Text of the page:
As thousands of Australians face financial stress, the interest rate rise threatens to make it “sleepwalk into trouble”.

The head of Australia’s peak finance and broker organization for mortgages warned that Australians “are sleepingwalking into disaster”, because any increase in interest rate would cause financial stress for thousands.
Peter White AM, managing director of the Finance Brokers Association of Australia, was unwavering in his belief that McCrindle’s recent research had shown that many borrowers could be living beyond what they can afford.
The research was commissioned for the FBAA. The research found that 66% of borrowers would feel pressure if interest rates rise, while 57% would not have the ability to make monthly payments if their mortgage increased $300 per month.
White stated that many Australians are on the edge and sleepingwalking into catastrophe. They live in false hope of low interest rates.
“This survey is a wake-up call and shows that even a small rise in rates – which is looking more likely next year with rising inflation – could be catastrophic for our nation.”
White has been in the business for over 40 years. He suggested that Australians may have become complacent as they have not seen a rate increase for almost 11 years.
White stated that the housing market had experienced a boom and that it is possible for it to recover. People with low deposits and large repayments could end up with negative equity. They may owe more on the property than its value.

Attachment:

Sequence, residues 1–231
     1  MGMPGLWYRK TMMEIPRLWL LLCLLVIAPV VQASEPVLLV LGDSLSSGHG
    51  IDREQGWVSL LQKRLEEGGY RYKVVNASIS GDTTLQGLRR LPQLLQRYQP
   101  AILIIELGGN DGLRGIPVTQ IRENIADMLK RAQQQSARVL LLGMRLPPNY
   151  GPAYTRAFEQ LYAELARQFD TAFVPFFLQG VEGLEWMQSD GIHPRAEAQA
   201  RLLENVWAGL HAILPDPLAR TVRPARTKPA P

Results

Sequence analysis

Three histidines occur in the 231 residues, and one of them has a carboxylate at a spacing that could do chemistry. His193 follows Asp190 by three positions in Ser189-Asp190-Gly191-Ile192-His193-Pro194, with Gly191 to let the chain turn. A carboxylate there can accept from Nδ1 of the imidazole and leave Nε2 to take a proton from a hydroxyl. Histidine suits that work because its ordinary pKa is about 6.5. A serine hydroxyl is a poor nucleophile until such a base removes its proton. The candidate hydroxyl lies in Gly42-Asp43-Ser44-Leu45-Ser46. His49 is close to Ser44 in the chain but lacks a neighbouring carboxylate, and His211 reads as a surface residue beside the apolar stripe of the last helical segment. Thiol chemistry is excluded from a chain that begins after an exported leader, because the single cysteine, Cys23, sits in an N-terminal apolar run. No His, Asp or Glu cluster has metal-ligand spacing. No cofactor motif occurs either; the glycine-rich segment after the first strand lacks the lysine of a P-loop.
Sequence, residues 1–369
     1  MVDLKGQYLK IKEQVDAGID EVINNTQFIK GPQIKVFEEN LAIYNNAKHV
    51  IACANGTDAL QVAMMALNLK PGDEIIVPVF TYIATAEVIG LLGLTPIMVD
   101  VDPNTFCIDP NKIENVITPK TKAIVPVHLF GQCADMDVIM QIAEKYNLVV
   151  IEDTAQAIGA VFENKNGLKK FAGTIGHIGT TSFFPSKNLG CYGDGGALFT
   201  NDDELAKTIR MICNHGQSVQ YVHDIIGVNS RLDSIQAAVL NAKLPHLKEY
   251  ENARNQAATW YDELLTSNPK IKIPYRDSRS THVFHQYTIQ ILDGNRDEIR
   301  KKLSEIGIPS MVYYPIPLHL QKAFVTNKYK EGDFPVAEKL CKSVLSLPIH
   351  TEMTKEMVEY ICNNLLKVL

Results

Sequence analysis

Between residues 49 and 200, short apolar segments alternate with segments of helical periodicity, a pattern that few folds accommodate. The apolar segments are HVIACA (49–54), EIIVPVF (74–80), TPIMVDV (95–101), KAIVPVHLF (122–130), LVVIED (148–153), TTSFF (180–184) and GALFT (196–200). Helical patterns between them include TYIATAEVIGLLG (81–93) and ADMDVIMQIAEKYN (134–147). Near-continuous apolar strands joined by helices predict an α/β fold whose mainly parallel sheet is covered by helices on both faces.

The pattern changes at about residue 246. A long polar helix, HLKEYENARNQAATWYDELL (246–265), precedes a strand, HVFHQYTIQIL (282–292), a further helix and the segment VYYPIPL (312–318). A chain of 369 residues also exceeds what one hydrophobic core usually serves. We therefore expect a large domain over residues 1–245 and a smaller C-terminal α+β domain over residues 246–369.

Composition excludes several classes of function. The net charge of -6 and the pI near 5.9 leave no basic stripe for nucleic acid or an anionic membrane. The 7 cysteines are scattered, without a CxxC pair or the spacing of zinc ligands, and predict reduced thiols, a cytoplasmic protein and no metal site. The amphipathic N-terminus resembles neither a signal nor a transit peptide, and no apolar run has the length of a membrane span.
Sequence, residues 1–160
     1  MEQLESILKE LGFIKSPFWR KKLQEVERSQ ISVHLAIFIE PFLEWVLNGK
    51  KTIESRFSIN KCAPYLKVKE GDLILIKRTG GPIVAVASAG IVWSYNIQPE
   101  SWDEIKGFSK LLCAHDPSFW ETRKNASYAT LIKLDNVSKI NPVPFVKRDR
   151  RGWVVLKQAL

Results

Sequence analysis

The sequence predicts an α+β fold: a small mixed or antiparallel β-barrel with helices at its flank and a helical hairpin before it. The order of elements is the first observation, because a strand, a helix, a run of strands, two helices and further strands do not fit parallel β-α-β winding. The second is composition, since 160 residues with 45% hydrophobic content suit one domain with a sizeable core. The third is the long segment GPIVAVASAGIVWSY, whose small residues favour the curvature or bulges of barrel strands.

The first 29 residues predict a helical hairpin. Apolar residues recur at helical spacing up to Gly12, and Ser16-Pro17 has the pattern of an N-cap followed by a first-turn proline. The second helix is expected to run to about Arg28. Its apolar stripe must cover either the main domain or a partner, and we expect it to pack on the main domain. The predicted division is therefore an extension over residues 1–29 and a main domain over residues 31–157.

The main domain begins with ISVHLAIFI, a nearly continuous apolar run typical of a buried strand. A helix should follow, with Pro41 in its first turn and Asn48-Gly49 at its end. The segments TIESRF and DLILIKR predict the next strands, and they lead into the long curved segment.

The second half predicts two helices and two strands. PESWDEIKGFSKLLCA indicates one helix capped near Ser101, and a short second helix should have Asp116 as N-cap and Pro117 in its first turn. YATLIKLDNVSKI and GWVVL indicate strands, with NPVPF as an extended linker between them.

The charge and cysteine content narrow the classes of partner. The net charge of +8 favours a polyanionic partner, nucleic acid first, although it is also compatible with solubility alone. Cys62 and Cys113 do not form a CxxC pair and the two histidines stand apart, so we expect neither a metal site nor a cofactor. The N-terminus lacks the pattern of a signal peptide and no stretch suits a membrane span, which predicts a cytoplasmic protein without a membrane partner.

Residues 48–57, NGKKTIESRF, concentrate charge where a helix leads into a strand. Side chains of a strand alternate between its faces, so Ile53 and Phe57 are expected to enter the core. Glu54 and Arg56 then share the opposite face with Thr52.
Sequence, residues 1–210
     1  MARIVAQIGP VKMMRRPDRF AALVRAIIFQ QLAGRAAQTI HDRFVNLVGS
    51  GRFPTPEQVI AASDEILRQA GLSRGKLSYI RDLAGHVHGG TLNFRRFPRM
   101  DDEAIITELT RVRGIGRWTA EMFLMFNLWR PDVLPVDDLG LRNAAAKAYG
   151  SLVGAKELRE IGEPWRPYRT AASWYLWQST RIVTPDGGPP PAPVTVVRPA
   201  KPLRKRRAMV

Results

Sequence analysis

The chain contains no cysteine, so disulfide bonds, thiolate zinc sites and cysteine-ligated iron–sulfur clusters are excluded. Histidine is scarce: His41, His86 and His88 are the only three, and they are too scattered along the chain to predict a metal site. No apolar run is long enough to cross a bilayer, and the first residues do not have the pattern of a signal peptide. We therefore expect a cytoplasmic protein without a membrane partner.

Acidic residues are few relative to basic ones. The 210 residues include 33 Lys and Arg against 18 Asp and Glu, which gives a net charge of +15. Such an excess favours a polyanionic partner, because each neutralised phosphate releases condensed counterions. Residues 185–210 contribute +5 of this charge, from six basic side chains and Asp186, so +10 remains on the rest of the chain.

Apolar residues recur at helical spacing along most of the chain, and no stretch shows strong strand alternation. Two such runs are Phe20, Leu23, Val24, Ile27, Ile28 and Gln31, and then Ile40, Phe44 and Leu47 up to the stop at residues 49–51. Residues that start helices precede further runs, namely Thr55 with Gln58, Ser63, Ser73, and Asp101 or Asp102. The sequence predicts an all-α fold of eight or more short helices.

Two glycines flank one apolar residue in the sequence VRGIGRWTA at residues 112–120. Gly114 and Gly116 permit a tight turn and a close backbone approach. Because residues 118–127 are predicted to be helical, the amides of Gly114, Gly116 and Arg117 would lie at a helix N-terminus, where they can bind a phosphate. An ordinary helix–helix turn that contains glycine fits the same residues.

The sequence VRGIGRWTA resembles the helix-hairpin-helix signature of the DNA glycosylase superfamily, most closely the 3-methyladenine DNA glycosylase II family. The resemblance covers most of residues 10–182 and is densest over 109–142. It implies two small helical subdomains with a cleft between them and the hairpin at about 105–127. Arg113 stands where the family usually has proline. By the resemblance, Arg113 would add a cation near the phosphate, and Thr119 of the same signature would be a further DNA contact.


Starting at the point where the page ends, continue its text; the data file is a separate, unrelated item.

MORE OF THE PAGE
“Add to this a mortgage payment they are unable to afford, and it could lead to many people in real trouble.”
A third of those who said that they would not have enough money to pay their mortgage repayments following a $300 monthly rise were households with incomes between 2000 and 3000 per week. This shows that mortgage stress is not just for those with lower incomes.
“Where can these people go, if their home becomes unsafe?” “Public housing, streets?” He inquired.
“Low income earners have limited options, and this will have an impact on society, most likely due to the COVID economic struggles.”
White urged the government to not raise loan rates. He also advised Australians not to take out mortgages that would require them repay with credit cards or personal loans.
Australia’s current interest rate is 0.1%, a historic low level after numerous cuts to the cash rates during COVID-19.
White called it “overheating” because of the prolonged absence of the real estate market, the combination of cashedup workers, historically low rates of interest, and cashedup workers.
Digital banking expert from Compare the Market David Ruddiman said the fear of missing out – dubbed FOMO – is a powerful motivator.
“Buyers were scared off by forecasts that prices would rise,” Ruddiman stated. Ruddiman stated that they are fulfilling the prophecy in certain ways by making bigger offers than usual.
“The data shows that fear is a key driver for trends. 63% of respondents said they bought as quickly as possible to avoid rising prices.
“Looking at recent price increases, this strategy could have paid off because of even greater capital gains. It is crucial that people are prepared to deal with future rate increases and inflation.
Australia’s housing costs are increasing at an alarming pace. They have risen 17.6% in the first nine month 2021, the fastest rate since June 1989.
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